alexa Genetic Polymorphisms And Outcome Research In Cancer: Examples From Angiogenesis And Metastasis Genes And Colorectal Cancer
ISSN: 2153-0645

Journal of Pharmacogenomics & Pharmacoproteomics
Open Access

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2nd International Conference on Predictive, Preventive and Personalized Medicine & Molecular Diagnostics
November 03-05, 2014 Embassy Suites Las Vegas, USA

Sevtap Savas, Lydia A Dan, Jingxiong Xu, Salem Werdyani, Konstantin Shestopaloff, Elizabeth Dicks, Patrick Parfrey, Roger Green and Wei Xu
Accepted Abstracts: J Pharmacogenomics Pharmacoproteomics
DOI: 10.4172/2153-0645.S1.004
Colorectal cancer is a common disease worldwide. Understanding the biology behind the risk of disease outcomes is essential for both the clinical management and the development of new therapeutics. For this purpose, genetic variations (e.g. polymorphisms) and their associations with disease outcomes in patients (e.g. as recurrence) are actively investigated in colorectal cancer. Investigating the genetic polymorphisms as variables in outcome research requires a number of considerations, which are not typical of other variables (e.g. stage). For instance, since the effect of a polymorphism on survival outcomes may differ from one genotype to another, using an appropriate genetic model (recessive, dominant, co-dominant or additive) during the statistical analysis is a critical consideration. We previously suggested a way to estimate the best genetic model for individual polymorphisms based on the separation of the Kaplan Meier curves of patient groups with different genotypes. Our team, including the investigators from the Newfoundland Colorectal Cancer Registry (NFCCR), has applied this strategy to 381 polymorphisms in 30 genes from the angiogenesis and metastasis pathways in a cohort of 505 Caucasian colorectal cancer patients recruited to the NFCCR. As a result, we have found several polymorphisms on chromosome 11 as being associated with the risk of death in our patient cohort.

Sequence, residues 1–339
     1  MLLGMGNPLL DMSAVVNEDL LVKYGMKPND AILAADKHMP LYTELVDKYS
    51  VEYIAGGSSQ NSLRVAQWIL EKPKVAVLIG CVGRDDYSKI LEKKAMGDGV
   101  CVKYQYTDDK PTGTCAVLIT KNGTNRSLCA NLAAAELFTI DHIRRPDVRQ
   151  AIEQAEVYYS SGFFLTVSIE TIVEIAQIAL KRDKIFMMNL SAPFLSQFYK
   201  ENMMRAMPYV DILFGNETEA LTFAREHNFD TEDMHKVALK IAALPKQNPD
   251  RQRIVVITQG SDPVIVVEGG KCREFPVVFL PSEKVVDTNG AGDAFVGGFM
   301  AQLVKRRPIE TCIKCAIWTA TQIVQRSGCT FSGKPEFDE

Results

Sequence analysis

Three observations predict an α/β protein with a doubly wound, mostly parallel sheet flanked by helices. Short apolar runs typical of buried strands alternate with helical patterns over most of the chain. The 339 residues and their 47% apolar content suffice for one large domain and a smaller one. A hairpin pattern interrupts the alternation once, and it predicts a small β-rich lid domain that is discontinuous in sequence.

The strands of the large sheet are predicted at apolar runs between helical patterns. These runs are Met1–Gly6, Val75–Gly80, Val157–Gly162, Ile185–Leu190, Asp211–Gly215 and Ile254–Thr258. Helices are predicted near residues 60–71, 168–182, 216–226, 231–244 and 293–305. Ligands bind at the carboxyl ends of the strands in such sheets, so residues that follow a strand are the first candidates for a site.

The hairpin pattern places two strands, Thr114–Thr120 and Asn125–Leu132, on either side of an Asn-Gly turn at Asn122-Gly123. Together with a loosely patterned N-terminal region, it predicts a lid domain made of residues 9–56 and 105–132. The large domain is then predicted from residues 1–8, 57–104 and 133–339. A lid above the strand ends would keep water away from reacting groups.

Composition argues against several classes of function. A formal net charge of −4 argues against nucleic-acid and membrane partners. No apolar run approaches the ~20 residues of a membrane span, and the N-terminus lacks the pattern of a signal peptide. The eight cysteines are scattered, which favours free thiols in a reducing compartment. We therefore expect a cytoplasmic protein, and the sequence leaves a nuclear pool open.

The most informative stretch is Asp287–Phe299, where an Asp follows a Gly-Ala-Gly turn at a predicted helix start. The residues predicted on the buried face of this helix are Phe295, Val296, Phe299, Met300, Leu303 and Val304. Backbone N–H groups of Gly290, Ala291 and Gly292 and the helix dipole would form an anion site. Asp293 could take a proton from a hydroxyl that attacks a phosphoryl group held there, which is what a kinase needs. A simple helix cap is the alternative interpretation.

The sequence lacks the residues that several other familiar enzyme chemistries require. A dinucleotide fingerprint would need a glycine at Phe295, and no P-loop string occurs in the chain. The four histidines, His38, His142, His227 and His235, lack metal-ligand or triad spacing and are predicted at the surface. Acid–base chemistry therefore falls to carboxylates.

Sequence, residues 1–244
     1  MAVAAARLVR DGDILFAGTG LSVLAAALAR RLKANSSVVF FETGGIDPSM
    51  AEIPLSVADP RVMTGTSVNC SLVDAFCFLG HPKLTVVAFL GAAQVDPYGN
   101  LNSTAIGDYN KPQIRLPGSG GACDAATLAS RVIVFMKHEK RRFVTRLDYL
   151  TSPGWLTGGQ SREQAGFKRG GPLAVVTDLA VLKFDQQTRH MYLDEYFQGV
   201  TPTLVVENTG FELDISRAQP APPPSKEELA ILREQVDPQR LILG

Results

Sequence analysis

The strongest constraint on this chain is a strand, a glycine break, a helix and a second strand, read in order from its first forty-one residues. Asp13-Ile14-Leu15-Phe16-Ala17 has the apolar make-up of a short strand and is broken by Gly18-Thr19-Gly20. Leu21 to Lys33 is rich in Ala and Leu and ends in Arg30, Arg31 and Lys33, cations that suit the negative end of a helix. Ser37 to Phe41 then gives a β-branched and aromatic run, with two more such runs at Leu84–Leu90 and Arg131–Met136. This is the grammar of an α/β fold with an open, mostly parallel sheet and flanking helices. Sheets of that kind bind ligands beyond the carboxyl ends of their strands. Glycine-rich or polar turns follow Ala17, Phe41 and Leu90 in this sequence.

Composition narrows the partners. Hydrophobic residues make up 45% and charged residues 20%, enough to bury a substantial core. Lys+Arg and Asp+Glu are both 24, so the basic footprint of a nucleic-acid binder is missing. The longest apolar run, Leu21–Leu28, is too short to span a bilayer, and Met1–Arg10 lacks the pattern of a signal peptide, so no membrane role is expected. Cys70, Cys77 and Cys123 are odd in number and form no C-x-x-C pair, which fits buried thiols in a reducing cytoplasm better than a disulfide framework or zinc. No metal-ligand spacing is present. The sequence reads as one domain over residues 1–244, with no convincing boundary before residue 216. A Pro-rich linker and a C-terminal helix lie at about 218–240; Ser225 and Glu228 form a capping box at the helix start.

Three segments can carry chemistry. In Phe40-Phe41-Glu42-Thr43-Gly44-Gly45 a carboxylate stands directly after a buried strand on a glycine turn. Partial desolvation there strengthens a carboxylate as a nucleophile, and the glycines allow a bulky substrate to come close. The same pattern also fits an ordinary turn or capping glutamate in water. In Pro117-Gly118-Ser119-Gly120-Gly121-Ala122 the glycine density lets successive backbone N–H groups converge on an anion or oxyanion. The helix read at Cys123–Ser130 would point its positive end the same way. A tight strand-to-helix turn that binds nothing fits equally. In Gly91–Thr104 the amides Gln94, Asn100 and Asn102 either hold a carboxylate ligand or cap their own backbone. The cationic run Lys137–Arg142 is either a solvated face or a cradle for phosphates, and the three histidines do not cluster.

Sevtap Savas obtained her PhD in Molecular Biology and Genetics in 1999 from the Bogazici University, Turkey. She was trained as a Post-doctoral fellow or Research Associate in Louisiana State University (USA), Mount Sinai Hospital Research Institute (Canada) and Princess Margaret Hospital/Ontario Cancer Institute (Canada). Since 2008 she has been an Assistant Professor at Discipline of Genetics, Memorial University of Newfoundland (Canada). Her research program currently focuses on genetic prognostic studies in colorectal cancer using genetic, epidemiological, biostatistical and computational approaches and development of public databases. She also serves as a reviewer, academic editor or editorial board member for several journals.
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